4 In these times of change, and aware of the concerns of our citizens, we commit to the Rome agenda, and pledge to work towards ( ) a social Europe: a Union which, based on sustainable growth, promotes economic and social progress as well as cohesion and convergence, while upholding the integrity of the internal market; a Union which takes into account the diversity of national systems and the key role of social partners; a Union which promotes equality between women and men as well as rights and equal opportunities for all; a Union which fights unemployment, discrimination, social exclusion and poverty; a Union where young people receive the best education and training and can study and find jobs across the continent; a Union which preserves our cultural heritage and promotes cultural diversity. Rome Declaration, EU leaders, 25 March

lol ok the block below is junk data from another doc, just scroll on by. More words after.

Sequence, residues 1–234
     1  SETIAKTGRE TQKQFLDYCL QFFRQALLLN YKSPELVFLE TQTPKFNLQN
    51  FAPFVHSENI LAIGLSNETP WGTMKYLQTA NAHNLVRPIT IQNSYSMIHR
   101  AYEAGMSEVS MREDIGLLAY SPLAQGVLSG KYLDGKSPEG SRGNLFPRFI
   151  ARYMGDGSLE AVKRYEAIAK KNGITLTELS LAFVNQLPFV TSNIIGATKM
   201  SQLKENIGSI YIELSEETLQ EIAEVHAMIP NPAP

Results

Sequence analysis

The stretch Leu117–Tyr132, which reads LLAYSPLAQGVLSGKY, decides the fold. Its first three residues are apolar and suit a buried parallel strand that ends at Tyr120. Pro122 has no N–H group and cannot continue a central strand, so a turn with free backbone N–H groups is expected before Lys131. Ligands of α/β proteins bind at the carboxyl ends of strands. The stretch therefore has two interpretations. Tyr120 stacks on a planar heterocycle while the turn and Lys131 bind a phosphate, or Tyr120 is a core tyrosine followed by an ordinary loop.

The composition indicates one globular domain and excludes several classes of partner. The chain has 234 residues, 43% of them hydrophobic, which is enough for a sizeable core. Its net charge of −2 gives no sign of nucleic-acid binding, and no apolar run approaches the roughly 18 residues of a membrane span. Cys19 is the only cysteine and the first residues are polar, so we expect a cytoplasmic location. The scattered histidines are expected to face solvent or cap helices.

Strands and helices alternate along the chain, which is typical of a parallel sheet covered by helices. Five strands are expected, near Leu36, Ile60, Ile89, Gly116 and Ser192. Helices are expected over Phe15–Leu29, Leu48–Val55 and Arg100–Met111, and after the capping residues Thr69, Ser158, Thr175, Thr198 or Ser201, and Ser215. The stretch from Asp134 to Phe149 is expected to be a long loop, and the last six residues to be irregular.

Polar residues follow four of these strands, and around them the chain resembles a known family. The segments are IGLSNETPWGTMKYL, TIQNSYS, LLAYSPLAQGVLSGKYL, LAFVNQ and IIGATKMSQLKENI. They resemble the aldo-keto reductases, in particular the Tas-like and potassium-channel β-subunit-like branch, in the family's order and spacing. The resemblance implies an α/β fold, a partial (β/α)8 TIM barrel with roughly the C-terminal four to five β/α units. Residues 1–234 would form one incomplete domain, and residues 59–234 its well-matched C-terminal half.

5 Content 1. EUROPE S SOCIAL DIMENSION 6 2. TODAY S SOCIAL REALITIES 8 3. DRIVERS OF CHANGE BY A POSSIBLE WAY FORWARD FOR THE EU MOVING THE DEBATE FORWARD 30 ANNEXES SOCIAL EUROPE: A TIMELINE RECENT AND FORTHCOMING COMMISSION INITIATIVES: A SELECTION 33 5